What are the most common ways that rental properties lose money and can hiring a property manager help me avoid them?
Let’s clarify something right out of the gate: It’s not the property managers’ responsibility to prevent a rental property from losing money. It’s the landlord’s. If the landlord has not made a prudent investment in the first place, no property manager is going to be able to undo the mistake.
Your property manager cannot bail you out of bad investments. Instead, think of property managers as assistants and consultants that help you efficiently unlock the value of your good investments!
Let’s examine the most common ways rental properties become money-losers, and you will see that the property manager is usually irrelevant or tangential to the reasons underlying the loss.
1. The landlord paid too much. The best investors will tell you: Make your money when you buy – not when you sell. You want to acquire the property at a discount to the present value of the expected future stream of rental payments. Period. If you fail to do this, no property manager will be able to turn things around for you – at least, not without a massive cash infusion to upgrade and renovate the property to something that will generate enough rental income to compensate you and the management company.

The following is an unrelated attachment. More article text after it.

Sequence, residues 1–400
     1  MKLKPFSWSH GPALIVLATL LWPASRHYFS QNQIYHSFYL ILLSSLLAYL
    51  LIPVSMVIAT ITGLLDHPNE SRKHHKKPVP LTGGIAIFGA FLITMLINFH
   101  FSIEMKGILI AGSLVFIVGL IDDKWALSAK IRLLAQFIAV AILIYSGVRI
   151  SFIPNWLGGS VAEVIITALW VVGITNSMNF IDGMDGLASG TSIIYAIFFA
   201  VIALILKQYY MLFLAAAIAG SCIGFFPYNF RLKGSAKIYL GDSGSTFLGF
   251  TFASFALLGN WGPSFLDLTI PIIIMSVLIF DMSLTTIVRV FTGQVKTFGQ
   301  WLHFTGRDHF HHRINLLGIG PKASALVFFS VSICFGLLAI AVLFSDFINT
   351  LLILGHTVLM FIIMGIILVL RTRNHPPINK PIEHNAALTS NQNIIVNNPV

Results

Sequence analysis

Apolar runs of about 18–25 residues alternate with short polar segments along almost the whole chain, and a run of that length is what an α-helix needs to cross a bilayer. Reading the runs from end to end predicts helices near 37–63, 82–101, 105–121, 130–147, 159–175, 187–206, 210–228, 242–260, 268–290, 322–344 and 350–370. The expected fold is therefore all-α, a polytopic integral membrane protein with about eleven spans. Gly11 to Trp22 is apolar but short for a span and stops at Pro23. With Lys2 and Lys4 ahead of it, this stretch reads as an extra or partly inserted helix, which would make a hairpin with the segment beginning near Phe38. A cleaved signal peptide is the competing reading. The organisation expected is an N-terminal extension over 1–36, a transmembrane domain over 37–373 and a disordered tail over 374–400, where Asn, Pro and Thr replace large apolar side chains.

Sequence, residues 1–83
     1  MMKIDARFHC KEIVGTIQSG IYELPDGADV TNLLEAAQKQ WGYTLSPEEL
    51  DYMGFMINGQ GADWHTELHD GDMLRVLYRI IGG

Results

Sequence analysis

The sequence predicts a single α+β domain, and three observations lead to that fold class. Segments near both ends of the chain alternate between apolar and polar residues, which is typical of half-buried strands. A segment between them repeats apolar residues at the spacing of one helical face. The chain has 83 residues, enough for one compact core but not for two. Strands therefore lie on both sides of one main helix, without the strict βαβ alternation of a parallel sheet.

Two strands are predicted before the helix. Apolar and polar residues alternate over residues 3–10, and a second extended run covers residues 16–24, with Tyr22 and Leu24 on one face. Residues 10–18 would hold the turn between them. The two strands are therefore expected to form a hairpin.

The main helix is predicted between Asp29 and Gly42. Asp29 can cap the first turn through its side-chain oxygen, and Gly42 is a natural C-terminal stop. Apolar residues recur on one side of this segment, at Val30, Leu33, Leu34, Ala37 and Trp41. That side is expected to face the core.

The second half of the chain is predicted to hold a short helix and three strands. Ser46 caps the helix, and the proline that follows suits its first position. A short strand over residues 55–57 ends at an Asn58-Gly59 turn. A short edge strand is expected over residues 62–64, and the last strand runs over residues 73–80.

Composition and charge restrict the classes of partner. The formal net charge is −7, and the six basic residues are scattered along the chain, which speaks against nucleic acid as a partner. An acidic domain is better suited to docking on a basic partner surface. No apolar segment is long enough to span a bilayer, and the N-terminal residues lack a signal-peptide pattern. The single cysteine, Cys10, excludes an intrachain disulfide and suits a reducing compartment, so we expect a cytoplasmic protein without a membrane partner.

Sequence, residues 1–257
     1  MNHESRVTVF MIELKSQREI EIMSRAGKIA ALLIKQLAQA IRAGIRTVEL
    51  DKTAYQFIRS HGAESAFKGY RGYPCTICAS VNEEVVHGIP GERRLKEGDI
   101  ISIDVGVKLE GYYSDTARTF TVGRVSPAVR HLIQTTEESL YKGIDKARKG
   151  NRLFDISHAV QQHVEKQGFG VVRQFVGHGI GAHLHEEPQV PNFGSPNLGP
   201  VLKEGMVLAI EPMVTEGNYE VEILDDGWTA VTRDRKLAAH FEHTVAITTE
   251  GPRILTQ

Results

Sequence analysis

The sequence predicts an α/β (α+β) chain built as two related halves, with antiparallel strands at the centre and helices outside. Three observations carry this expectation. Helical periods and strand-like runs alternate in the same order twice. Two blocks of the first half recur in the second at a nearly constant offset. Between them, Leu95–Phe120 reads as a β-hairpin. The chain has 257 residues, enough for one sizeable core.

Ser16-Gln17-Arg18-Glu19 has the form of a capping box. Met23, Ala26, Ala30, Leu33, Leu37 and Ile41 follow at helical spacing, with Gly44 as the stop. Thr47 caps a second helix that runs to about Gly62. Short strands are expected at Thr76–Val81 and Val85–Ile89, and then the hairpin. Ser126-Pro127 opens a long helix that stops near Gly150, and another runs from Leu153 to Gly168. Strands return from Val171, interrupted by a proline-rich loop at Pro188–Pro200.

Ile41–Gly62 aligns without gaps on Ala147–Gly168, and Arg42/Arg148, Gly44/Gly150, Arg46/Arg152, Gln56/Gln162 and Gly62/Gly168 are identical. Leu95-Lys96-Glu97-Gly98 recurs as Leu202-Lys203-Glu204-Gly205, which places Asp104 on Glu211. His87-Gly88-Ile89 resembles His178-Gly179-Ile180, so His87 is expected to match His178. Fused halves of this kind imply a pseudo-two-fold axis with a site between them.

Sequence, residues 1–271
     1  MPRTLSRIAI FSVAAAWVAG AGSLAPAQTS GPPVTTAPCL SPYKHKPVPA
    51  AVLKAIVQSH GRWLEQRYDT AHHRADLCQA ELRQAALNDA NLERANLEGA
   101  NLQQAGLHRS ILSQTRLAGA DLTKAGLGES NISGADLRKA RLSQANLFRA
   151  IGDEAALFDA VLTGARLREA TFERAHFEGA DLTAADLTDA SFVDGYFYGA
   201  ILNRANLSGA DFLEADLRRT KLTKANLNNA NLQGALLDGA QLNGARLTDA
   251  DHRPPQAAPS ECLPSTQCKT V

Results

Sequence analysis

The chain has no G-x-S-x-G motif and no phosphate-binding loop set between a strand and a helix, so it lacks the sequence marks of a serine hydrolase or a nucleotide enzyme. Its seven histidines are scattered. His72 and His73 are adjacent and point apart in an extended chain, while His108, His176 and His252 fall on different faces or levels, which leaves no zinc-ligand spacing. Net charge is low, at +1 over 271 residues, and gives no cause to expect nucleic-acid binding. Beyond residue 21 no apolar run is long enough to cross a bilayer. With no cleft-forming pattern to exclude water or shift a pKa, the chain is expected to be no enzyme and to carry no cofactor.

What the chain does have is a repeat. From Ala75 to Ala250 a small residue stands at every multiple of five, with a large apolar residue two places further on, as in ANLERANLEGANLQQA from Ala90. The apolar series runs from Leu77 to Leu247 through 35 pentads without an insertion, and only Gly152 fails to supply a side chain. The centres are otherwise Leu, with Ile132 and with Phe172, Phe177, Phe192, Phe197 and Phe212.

This is the number one cause of rental property losses. But you will recognize some of the variants, below.
2. Underestimating repair and maintenance costs. This is of a piece with overpaying for the property. I see figures that advise landlords to plan on committing between 1 and 4 percent of the value of the property for year on maintenance costs. Even this seems low to me, in many cases, and you can easily double these figures and still run out of reasonable home maintenance projects you can do with the budgeted sum of cash.
A good landlord can help you budget for this eventuality, because with enough experience and a handy contractor on their speed dial, they will be able to come up with a more accurate projection of expected maintenance and repair costs than most individual landlords.